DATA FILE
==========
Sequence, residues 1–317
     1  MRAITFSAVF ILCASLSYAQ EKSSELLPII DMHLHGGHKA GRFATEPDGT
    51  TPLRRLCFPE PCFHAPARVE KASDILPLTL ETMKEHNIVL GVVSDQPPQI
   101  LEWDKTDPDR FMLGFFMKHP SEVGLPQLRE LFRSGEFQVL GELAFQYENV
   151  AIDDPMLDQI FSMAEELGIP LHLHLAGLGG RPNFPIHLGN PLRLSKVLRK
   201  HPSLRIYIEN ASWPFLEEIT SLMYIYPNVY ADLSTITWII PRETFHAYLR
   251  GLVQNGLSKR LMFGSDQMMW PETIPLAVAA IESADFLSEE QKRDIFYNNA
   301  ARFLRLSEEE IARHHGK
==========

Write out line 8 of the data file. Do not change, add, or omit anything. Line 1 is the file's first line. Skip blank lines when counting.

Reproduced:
   301  ARFLRLSEEE IARHHGK